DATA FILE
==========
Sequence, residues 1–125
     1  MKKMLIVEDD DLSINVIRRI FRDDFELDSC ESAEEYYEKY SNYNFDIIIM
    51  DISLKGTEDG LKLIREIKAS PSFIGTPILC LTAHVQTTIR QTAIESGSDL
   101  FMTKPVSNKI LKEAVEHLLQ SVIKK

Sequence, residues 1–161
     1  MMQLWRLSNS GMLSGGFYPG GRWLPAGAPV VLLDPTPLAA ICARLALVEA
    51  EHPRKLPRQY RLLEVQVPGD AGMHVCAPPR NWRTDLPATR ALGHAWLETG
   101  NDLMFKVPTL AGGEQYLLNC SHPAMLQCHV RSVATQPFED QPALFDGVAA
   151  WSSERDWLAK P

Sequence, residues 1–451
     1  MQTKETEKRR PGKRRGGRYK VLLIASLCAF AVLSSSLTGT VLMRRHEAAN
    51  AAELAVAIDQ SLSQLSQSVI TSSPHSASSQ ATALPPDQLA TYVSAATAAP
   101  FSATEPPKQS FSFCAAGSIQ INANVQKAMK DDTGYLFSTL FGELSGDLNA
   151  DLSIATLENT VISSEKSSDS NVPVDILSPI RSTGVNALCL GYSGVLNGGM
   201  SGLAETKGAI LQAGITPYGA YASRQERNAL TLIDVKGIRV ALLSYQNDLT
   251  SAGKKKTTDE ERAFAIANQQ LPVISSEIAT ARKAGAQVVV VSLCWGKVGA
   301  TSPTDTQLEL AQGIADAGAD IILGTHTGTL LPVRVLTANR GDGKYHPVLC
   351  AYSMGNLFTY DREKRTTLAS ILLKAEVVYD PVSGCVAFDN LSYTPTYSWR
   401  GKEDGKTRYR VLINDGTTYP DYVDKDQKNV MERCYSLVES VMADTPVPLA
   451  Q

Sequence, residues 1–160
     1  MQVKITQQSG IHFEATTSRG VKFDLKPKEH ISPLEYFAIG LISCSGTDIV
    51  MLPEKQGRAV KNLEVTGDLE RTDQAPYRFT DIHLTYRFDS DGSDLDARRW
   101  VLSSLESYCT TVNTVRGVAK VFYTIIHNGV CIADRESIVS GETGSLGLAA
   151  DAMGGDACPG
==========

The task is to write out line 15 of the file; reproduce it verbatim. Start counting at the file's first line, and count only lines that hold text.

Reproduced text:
   201  SGLAETKGAI LQAGITPYGA YASRQERNAL TLIDVKGIRV ALLSYQNDLT